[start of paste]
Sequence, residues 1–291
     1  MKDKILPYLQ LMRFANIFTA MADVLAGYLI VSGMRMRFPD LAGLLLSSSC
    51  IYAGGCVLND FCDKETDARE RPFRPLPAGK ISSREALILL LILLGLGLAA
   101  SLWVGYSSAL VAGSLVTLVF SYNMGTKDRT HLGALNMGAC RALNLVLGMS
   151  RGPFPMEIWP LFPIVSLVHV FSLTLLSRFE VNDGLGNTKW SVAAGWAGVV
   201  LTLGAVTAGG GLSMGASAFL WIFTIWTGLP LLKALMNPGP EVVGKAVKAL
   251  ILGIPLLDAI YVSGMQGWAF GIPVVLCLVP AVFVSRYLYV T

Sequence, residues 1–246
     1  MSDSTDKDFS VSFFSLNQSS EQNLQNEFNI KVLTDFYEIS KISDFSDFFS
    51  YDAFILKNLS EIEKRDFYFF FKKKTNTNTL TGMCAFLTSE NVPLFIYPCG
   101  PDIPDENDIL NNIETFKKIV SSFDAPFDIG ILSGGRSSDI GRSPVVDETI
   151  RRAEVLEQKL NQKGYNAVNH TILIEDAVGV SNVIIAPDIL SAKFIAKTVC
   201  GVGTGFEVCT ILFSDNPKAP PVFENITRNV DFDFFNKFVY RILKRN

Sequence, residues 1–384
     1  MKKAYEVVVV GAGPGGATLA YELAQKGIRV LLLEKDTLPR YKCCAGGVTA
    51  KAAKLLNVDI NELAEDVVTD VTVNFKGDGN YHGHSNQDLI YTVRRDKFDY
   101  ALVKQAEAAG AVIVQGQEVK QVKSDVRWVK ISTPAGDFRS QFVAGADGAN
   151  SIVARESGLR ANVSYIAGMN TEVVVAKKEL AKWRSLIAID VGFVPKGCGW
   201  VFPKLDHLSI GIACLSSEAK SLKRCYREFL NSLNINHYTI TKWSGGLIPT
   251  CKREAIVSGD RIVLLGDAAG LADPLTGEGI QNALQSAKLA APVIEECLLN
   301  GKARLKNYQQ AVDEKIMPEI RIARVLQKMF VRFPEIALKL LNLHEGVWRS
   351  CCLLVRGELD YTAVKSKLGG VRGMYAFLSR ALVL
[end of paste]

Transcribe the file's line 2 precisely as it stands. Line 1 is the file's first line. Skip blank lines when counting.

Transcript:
     1  MKDKILPYLQ LMRFANIFTA MADVLAGYLI VSGMRMRFPD LAGLLLSSSC